Students who didn’t pass their entrance exams for the University of Sarajevo were enrolled anyway because “their parents knew someone” or they paid off the right person: “With money you can do anything.”
During a private meeting with a professor, a student was told he definitely would pass an important exam if he bought the professor’s book for €40. “I think everyone at the university knows about this practice. Whoever I talked to, almost everyone said they bought it.”
A man who applied for a faculty position was passed over for an applicant who had lower grades. “My agony is still going on because I took everything to court. It’s been going on for a long time and it’s exhausting. My colleagues and I are not the only ones, but it would be good if we were the last.”
These are three of the more than 50 complaints sent by students and staffers to the Center for the Development of Youth Activism (CROA). CROA is taking an old-school approach to ensure these are the last victims of Bosnia and Herzegovina’s corruption-plagued university system.
Students, faculty – anyone, for that matter – can drop their concerns and complaints in plain boxes that CROA maintains at the University of Sarajevo and the University of East Sarajevo. Several years into their campaign – “Knowledge IN, Corruption OUT” – CROA is so well known that the group doesn’t even need to put its logo on the boxes.
“Students use the boxes, but the boxes are also a reminder. They know what it’s for,” said Alma Fejzić, a lawyer and project coordinator at CROA. “Many people see the boxes and then send their complaints by mail or email, because they don’t want to be seen on campus.”
Fejzić, who herself studied at the University of Sarajevo, said corruption there is an open secret. “When I was studying I saw some cases, but I was not a victim. I wasn’t pressured to buy books from professors or give money to pass exams. But I certainly heard about problems.”
CROA’s efforts have gotten the universities’ attention, says Fejzić, and administrators have begun to hold meetings with the group. “They want to cooperate with us. This is a big step for us,” she said. “They know they have a problem.”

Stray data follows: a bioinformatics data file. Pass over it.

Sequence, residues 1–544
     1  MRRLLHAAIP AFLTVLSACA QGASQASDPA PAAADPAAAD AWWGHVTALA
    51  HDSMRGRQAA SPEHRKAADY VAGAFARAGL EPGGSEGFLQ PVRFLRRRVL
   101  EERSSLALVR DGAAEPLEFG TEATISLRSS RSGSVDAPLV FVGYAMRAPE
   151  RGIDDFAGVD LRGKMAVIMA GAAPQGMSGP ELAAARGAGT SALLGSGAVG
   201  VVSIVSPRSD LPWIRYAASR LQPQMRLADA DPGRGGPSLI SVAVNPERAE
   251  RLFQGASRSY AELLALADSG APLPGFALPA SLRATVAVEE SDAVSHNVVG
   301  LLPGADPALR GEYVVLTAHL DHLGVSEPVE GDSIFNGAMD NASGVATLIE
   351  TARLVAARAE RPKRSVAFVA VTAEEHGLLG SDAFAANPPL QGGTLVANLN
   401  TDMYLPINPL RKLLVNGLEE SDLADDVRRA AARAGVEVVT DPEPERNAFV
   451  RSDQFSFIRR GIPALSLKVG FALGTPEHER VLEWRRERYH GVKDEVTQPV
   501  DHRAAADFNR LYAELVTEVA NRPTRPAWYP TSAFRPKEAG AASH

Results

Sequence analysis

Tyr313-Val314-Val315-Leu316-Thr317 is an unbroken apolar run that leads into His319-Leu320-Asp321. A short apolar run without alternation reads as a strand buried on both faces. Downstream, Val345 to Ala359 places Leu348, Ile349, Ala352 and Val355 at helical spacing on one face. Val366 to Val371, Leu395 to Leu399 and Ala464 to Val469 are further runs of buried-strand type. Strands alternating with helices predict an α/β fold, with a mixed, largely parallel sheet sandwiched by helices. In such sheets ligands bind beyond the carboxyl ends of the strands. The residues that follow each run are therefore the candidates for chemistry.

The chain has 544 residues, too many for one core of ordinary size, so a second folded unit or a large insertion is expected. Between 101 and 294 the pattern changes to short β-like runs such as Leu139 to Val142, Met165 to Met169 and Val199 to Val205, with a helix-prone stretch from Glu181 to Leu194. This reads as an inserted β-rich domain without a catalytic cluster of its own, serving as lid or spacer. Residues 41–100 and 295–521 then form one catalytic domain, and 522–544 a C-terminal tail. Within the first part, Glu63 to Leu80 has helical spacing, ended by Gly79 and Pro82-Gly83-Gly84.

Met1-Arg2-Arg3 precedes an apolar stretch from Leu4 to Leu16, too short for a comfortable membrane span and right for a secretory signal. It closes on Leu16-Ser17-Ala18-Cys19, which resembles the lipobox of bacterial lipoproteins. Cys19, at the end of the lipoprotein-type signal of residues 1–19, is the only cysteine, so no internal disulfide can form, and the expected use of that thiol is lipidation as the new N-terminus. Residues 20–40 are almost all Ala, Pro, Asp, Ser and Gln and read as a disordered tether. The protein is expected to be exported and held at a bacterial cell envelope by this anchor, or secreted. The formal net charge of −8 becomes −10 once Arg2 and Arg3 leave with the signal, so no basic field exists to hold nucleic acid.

CROA not only is passing on some of the anonymous complaints to universities for follow-up investigation, the group also is planning anti-corruption training for professors, staff and students. It hosts “anti-corruption cafes,” produces awareness-raising videos, and provides no-cost legal assistance for students in their appeals against unfair university decisions. The group also is working to include conflict of interest in the universities’ codes of ethics. These efforts are part of the group’s broader initiative, “Youth Against Corruption: Don’t be the Weakest Link.”
Fejzić says CROA is trying to break through the attitude of resignation that permeates not only Bosnian society but the entire Western Balkan region. “Corruption is a big problem in every area of life. It is a common problem. Our people know about the problems but think they cannot fix them. They are depressed when we speak about it.”
Surveys by CROA and other groups starkly document the problems. A survey of 2,000 university students and 500 employees found every fourth student has had an encounter with corruption, such as paying for a better grade. In addition to bribes and coerced textbook purchases, some students are pressured to join certain political parties and extorted for a private phone numbers and sexual favors, according to CROA.
“Fixing corruption has to happen in small steps,” said Fejzić, who chose non-profit work over practicing law. “I think I can give much more to my society at an NGO than as a lawyer in court. NGOs can do much more for my country and my society. Many of us want to stay in Bosnia and build our lives here.”